Considering the scene to be played, we thought it ironic to cast Rance Howard as the doctor. Rance was Ron Howard’s father.

Seth’s home was on the Warner Bros. backlot. His run away from his home was the third sequence we filmed at Franklyn Canyon. The Franklin Canyon scenes were filmed the same day as the fishing and fainting sequences and filmed prior to the back lot scenes.

The run through the woods benefited enormously by not being filmed on the backlot. For the two-eighths of a page I filmed ten setups, although I had only planned eight. And I pushed the sequence beyond what Carol had written when I had Seth let loose with a primal scream. I pushed it beyond what ended up in the final cut. I did a full 360 degree setup as Seth circled the panning camera screaming. Carol was not too happy that I had him scream and the shot was shortened beyond what I thought was most effective.

The protagonist of this episode was Seth Turner. His story was centered in a house down the road. But the series was THE WALTONS. Stories were supposed to be about them. That’s where Carol’s script was so clever. She used the incident of Seth’s illness as a visible McGuffin, because the real story was in the Walton household; it was how the Walton family reacted when faced with the subject of death.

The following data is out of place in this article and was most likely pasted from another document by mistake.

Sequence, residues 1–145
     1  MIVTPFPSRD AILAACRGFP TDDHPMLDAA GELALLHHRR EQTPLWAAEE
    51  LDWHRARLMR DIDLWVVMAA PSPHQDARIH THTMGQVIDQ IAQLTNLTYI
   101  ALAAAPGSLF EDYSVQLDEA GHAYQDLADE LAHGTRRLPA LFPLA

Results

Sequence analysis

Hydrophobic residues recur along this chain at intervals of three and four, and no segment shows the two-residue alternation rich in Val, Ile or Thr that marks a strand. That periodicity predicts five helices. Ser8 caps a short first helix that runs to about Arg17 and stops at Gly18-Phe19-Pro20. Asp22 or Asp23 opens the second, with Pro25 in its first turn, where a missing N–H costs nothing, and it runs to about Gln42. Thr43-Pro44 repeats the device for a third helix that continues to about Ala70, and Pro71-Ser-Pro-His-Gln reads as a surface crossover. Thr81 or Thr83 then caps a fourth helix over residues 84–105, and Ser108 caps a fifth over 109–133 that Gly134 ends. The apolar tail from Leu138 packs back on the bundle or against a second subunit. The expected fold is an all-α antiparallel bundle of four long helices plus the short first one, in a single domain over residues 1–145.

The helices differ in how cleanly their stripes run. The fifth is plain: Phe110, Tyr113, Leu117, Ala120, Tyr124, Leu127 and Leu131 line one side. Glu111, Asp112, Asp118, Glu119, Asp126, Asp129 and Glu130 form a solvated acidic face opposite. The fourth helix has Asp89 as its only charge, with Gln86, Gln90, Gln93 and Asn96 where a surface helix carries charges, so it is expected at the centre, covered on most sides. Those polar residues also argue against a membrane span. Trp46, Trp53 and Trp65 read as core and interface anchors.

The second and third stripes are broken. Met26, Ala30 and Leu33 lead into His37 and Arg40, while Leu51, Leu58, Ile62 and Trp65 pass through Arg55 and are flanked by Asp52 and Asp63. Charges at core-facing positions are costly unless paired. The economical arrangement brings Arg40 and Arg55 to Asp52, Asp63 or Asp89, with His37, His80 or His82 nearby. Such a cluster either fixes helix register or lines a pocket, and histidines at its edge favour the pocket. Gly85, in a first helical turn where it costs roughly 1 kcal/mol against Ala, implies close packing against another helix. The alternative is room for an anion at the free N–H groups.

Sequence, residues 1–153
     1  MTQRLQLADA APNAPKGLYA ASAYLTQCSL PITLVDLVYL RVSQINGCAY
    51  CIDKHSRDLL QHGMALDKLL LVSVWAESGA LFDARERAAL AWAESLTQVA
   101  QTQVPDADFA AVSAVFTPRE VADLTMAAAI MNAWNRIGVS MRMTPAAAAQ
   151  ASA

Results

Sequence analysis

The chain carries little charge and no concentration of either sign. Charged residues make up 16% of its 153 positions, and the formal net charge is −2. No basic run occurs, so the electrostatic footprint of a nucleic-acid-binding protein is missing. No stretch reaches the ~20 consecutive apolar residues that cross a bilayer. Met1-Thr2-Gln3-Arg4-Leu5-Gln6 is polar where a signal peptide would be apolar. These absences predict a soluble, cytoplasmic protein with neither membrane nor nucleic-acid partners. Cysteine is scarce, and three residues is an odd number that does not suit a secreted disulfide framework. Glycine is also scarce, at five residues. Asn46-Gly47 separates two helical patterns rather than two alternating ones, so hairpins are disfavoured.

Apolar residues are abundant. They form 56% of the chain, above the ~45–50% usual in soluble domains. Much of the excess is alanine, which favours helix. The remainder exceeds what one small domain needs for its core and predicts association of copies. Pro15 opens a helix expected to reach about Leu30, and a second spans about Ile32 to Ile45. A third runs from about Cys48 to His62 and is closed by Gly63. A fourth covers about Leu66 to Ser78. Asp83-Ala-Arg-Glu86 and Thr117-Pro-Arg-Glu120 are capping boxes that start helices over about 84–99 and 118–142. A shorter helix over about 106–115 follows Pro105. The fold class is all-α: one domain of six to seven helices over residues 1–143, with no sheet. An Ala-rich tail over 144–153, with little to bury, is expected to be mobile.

As I‘ve discussed before, one day during each shooting period the five adults in the cast (Richard, Ralph, Michael, Ellen and Will) would gather during a lunch hour in Bob Jacks’ office, where they would read aloud the following week’s show. Then any problems the actors had with the script would be discussed with Earl and Carol, who would do the necessary rewriting before filming began. This was done to avoid the onset delays caused by discussions for script changes. Imagine my surprise the day of filming on the Franklin Canyon location when Richard and Ralph announced they had rewritten the scene we were about to film. Their rewritten scene was the one we shot. The next day Carol was understandably upset that her scene had been rewritten.